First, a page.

MTA stops work on Second Avenue Subway extension after congestion pricing delay

June 19, 2024

125th Street entrance. Rendering courtesy of the MTA

Work to extend the Second Avenue subway has stopped following Gov. Kathy Hochul’s delay of New York City’s congestion pricing program. The Metropolitan Transportation Authority on Tuesday announced that work on the transformative transit project, which would extend the Q line from its current endpoint at 96th Street to East Harlem at 125th Street, is now paused. The extension was one of the projects that would have been funded in part from congestion pricing revenue.

Rendering courtesy of the MTA

On June 5, Hochul abruptly paused the start of congestion pricing, which was scheduled to start on June 30. The program, which would have charged drivers $15 for entering Manhattan south of 60th Street, was expected to generate $1 billion annually in revenue for the MTA to be put towards transit improvement projects, in addition to making the air cleaner and the streets safer.

Hochul cited the pandemic’s effects and high inflation on New Yorkers as reasons for halting the program. Additionally, she expressed concerns about the program’s potential impact on Democrats in upcoming House races, according to Politico.

On Tuesday, the MTA directed C.A.C. Industries, Inc., one of the contractors building the Second Avenue subway extension, to cease work on relocating underground utilities to make way for future work, according to Bloomberg. Construction was moving forward on the second phase of the project, which will extend the Q line from 96th Street to 125th Street in East Harlem, and create two more accessible stations at 106th and 116th Streets.

Photo via Flickr cc

After a decade of construction, the first phase opened in 2017, extending the Q from 63rd Street to 96th Street, with stations at 72nd Street and 86th Street.

The MTA just solicited its first contract for the subway extension last July. Decades in the making, the project was poised to deliver subway access to East Harlem, an area that has been a subway desert ever since the Second Avenue El stopped service above 57th Street in 1940, according to the MTA.

The transit agency estimates that the extension of the Second Avenue subway will serve roughly 300,000 riders daily, reduce crowding on the 4, 5, 6, and Q subway lines and local bus service, and lead to shorter commute times, saving some passengers as much as 20 minutes. The line will also offer commuters from NYC’s northern suburbs and Connecticut an easy transfer to the Metro-North Railroad.

The Second Avenue subway extension is one of many transit projects affected by the loss of revenue from congestion pricing. These projects include signal modernization, new railcars and electric buses, accessibility upgrades, station renewals, and various repair works.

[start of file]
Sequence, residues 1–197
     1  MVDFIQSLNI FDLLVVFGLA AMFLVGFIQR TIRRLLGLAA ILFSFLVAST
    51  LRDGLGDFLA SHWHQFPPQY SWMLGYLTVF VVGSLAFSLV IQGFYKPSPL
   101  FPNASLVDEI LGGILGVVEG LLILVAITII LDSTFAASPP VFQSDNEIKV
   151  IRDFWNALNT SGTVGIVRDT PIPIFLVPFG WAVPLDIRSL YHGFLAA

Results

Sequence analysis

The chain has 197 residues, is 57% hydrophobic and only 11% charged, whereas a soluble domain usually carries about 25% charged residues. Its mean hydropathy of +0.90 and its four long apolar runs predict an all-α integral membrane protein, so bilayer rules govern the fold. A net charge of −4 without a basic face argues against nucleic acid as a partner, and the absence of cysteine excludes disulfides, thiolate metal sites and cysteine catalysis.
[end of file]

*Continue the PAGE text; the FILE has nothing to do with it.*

“We are still working very hard to figure out the implications and how we respond to the impact on the current capital program. There are a lot of projects we will not be able to build. We will be focusing on state of good repair,” MTA President of Construction and Development Jamie Torres-Springer told ABC 7 News, referring to basic projects that maintain the safety of the system.

“We will be reporting to the board on that next week. We have in a couple of cases issued stop work orders on projects that do not strictly meet that state of good repair requirement. We will provide some more information on that next week. But yes, we have stopped work on Second Avenue subway.”

The MTA is now scrambling to address its $15 billion budget gap following Hochul’s decision. Additionally, the transit agency risks losing $3.4 billion in federal funding tied to the Second Avenue subway project. To secure this funding, the MTA was required to invest over $4 billion, which is now jeopardized, according to Bloomberg.

To fill the budget gap, Hochul proposed raising taxes on NYC businesses through an MTA payroll mobility tax (MPT). According to Crain’s, state lawmakers rejected her proposal, which would raise taxes on NYC businesses with payrolls of $1.75 million or more to generate the $1 billion per year the MTA would have received from congestion pricing tolls.


Interested in similar content?

Leave a reply

Your email address will not be published.

Your email address will not be published. Required fields are marked *